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Redefining Strength in My Life With Chronic Migraine

I’ve always loved distance running. Or at least I did before my migraine disorder switched from episodic to chronic four years ago. I loved the feeling of setting a goal for my run, and feeling the strength of my body as I pushed myself to each checkpoint along the way. Each mile marker I met, I would cheer myself on, and tell myself that I could make it to the next one. I loved the challenge of pacing myself — knowing how far I’d come, and how far I still had to go. My body would slip into a rhythm, my heartbeat and breath keeping cadence, my feet an autohypnotic beat upon the ground. Finishing felt so euphoric. My muscles were sore, my lungs alive, my body strong.

I don’t run anymore. I catch myself calling myself a runner some days, and it makes my heart sink. In so many ways, I’ve lost my identity and so many things I love. Running is just one of them. My chronic migraine disorder has become a different type of endurance venture. But one that feels so different. I can’t see the mile markers along the way, so I never know how to keep pace. I’m often flailing in the dark. How long will this one last? Three days… four days? When will the next one be? Do I cancel this event? Take my meds now? Go to the ER?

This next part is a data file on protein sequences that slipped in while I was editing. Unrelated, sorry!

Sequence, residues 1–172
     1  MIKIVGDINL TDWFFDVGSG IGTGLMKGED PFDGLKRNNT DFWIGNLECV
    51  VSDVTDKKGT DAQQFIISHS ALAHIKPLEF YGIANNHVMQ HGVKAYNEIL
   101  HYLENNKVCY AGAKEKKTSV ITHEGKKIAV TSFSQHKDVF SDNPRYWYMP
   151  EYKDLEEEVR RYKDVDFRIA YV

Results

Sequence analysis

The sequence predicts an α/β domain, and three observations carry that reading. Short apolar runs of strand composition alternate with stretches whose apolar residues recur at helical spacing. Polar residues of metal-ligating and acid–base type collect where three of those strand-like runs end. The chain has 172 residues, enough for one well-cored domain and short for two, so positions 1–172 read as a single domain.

There is no cure for migraine. There are no mile markers — there is no finish line. The words often on repeat as I feel another migraine attack coming are “I can’t do this.” But the truth is, I don’t have a choice. I have to, and I always do. In a sense, I’m always running a marathon. I never know when or how long my water breaks will be, or how long each leg of the race is. And I don’t get to pass the baton.

But what is the same is how strong I am. I’m often in a shame spiral for how weak I’ve become. I’ve become so angry and resentful of my body for rejecting me, betraying me. But what if I acknowledged the incredible strength it takes to run this never-ending race? The sheer willpower it takes to get up every day and keep going? What if I held gratitude for what my body can do and not what it can’t?

And as I close my eyes, I can see myself running. And then I see my people. Holding signs of encouragement, cheering me on. Giving me water and running alongside me when I feel like I can’t possibly take another step.

And yes, I am slow and exhausted. But I am strong. Migraine strong.

Getty image by Dmitry Belyaev.

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